The described movement of the rear perforated sheet 16 is achieved through the lever 28, which is seen particularly in FIG. 4 and which includes a portion 80 projecting from the front of the housing 10. The lever 28 is disposed in pivotal relation to a pair of flanges 82 formed at the bottom of the housing, and includes a vertically extending rearward portion 84 having an opening 86 therein for en gaging a pin 88 fixed to the rear of the perforated plate 16. An intermediate portion of lever 28' is provided with a boss 90 or the like for guidedly engaging a forward edge 92 of an opening in the housing lower wall as seen in FIG. 4. Consequently, as lever 28 is depressed at the front, the engagement at the rear with the pin 88 effects elevation of the rear perforated plate 16 through the distance a (FIG. 3) to a position with the upper edge of such plate engaging the upper edge of the housing. Accompanying this upward shifting movement of the rear plate 16 is a movement of the openings 76 therein so as to provide for transmission of light through those cells in the grid 18 which were previously blocked off by the plate 16. Consequently, if two of the translucent pegs 22 are positioned in vertically adjacent openings 24 in the front plate 14, one of such pegs will be capable of transmitting light whereas the other peg will be dark when the rear plate 16 is in one of its two positions. The shifting of the plate vertically will result in a reversal of this situation, wherein the formerly dark peg will be illuminated and the formerly lighted peg will be dark. This is illustrated simply in FIG. 1, wherein the dark pegs 22a represent those positioned similarly to peg 22a in FIG. 7 and the light pegs 22b are those aligned with an opening 76 in the rear plate 16, as also seen in FIG. 7.

It will be apparent that proper alignment of the front plate 14, the grid 18, and the rear plate 16 are essential in order to produce satisfactory results with the described design set. In this respect, the rear plate 16 includes a pair of cut-out portions 94 along its top and bottom edges which are adapted to receive complementary bosses 96 formed along the top and bottom ledges 44 and 48. This arrangement will assure proper positioning of the rear plate 16 in both its raised and lowered positions.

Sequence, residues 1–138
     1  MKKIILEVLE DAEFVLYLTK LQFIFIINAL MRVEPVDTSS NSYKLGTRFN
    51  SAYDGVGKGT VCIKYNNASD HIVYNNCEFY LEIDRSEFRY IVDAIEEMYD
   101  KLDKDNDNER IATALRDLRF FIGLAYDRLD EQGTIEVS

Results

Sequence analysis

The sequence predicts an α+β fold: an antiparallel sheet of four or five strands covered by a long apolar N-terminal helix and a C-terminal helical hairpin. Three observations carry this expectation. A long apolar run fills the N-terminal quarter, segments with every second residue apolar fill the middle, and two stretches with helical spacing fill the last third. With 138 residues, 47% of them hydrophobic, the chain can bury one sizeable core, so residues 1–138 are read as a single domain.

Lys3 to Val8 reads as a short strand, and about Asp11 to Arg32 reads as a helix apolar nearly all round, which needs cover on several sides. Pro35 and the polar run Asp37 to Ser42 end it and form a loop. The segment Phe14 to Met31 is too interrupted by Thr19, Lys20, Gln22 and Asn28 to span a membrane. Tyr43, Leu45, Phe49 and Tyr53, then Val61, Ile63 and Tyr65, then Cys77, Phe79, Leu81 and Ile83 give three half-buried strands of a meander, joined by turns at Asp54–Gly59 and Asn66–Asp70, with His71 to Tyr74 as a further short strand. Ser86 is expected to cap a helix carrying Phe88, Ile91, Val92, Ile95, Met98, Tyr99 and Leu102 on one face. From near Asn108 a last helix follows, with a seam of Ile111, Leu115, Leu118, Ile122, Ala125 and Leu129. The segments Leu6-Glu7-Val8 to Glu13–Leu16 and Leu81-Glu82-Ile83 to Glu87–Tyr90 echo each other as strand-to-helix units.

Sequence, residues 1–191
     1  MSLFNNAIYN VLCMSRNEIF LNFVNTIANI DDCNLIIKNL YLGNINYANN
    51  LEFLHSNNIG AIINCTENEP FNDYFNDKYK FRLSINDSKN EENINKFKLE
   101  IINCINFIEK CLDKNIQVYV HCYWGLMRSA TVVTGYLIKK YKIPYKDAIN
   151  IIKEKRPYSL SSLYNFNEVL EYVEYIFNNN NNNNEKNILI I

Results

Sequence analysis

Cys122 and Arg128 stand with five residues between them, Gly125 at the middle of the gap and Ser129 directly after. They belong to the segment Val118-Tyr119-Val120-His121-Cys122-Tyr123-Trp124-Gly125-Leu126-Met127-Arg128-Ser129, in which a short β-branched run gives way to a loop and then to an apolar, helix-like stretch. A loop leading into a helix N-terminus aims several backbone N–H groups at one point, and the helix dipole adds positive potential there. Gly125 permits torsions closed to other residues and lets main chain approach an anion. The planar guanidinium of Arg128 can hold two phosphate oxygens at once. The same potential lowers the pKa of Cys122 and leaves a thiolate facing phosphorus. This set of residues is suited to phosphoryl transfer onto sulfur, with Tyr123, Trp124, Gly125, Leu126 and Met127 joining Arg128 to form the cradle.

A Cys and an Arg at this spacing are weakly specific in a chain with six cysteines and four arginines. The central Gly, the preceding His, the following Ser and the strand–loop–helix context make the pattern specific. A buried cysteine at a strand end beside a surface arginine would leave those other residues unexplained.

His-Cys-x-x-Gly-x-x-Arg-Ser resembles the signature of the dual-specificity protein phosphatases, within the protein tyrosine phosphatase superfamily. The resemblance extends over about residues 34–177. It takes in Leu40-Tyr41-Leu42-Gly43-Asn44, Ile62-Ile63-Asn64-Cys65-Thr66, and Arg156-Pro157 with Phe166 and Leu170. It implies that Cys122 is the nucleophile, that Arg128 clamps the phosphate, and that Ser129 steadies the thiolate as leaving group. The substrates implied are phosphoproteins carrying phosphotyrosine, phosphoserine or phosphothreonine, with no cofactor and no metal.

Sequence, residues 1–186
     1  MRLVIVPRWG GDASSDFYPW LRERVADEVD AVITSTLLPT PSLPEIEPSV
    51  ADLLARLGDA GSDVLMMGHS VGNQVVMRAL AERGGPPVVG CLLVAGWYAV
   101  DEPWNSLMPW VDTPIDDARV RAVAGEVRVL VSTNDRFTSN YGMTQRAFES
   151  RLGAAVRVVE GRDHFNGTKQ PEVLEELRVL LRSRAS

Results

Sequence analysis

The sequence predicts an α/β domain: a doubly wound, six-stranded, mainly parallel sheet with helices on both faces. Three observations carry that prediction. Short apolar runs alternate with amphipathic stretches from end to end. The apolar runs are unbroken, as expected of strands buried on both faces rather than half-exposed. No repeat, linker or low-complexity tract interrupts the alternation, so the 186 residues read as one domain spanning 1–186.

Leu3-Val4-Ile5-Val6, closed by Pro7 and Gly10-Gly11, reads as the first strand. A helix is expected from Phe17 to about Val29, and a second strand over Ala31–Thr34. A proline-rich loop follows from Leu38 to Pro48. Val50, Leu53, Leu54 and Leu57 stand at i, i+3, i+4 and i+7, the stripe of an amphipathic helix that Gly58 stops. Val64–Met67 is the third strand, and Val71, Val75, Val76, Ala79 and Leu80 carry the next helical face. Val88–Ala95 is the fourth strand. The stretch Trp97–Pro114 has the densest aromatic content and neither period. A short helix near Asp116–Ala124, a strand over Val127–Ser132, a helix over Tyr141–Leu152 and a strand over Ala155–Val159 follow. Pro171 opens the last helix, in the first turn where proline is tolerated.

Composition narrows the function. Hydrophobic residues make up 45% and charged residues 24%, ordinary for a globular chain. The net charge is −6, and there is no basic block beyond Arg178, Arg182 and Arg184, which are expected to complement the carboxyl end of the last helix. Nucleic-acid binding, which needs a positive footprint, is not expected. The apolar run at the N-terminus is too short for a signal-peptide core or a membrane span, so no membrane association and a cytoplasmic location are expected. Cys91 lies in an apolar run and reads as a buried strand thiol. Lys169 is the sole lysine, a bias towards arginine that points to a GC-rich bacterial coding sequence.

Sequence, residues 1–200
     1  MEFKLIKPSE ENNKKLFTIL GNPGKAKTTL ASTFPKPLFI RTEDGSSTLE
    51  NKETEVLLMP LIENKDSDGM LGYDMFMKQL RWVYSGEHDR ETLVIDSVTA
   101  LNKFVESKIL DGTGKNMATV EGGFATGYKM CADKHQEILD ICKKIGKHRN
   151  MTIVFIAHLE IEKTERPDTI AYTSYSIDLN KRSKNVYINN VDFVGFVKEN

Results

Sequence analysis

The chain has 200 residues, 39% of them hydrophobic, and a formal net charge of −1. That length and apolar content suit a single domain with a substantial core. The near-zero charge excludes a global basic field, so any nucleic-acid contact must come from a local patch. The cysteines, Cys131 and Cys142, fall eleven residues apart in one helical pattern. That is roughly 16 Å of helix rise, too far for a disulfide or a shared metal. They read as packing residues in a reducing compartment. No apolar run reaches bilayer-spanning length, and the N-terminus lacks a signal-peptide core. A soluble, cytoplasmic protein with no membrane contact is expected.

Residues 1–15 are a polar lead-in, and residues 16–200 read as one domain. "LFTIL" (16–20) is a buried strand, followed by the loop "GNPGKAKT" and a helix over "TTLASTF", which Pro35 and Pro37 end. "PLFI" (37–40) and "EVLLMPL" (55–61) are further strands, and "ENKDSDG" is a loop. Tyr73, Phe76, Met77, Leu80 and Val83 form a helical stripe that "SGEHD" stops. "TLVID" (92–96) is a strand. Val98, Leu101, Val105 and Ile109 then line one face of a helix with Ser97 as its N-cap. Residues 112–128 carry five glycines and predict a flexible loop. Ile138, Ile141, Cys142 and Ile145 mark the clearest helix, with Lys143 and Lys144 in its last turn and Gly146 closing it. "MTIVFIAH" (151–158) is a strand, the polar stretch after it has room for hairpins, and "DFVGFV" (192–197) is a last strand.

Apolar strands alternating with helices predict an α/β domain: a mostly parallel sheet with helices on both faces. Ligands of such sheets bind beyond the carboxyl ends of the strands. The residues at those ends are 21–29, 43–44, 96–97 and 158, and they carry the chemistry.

With the described apparatus, designs may be made at random using either colorless or color pegs in any com bination thereof, or predetermined designs might be made as suggested previously. In the latter case, the sheets of paper 20 will have code markings thereon which appear through the openings 24 in the front panel 14 and the user will insert translucent pegs in accordance with such code markings.

The perforated sheets 14, 16 and grid 18 are of opaque material, in order to prevent light from passing therethrough except through the openings provided, and are preferably black molded plastic sheets.

Although shown and described with respect to particular apparatus and material it will be apparent that modifications might be made without departing from the principles of this invention.

What is claimed is:

1. A design set for creating illuminated designs comprising a generally enclosed housing having a source of light therein and an enlarged opening generally opposite the position of said light source, a first perforated plate positioned in covering relation to said opening and movable a relatively small distance in the plane of said plate, said first perforated plate is provided with a plurality of openings which are uniformly spaced and aligned diagonally of the plate, a grid structure positioned in superposed relation to said first plate, said grid structure comprises a plurality of cells having a substantial depth and aligned horizontally and vertically, said cells being uniformly spaced and arranged so that alternate cells both horizontally and vertically are each aligned with an opening in said first perforated plate, a sheet of generally opaque, frangible material disposed in covering relation to said grid structure, a second perforated plate positioned in superposed relation to said opaque sheet and including a plurality of openings axially aligned with each of the cells in said grid structure, and a plurality of translucent pegs adapted to be inserted in the openings in said second perforated plate in penetrating relation to said opaque sheet and said grid structure.

2. A design set in accordance with claim 1, including means connected with said first plate and having a portion projecting outwardly of said housing, whereby movement of said projecting portion produces movement of said first plate relative to said grid structure.

References Cited UNITED STATES PATENTS 1,114,267 10/1914 Jones 40133 1,594,703 8/ 1926 Ballerini. 2,068,827 l/ 1937 Tompkins 40133 2,149,363 3/1959 Rivkin 4028 3,082,560 3/ 1963 Elvestrom 40137 FOREIGN PATENTS 502,853 7/1930 Germany.

ROBERT PESHOCK, Primary Examiner E. KRAUSE, Assistant Examiner U.S. Cl. X.R. 40133

Patent Citations
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US3634678 *Jul 16, 1970Jan 11, 1972Marvin Glass & AssociatesDesign activity set
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U.S. Classification446/91, 40/437, 40/547
International ClassificationA63F9/06
Cooperative ClassificationA63F9/06
European ClassificationA63F9/06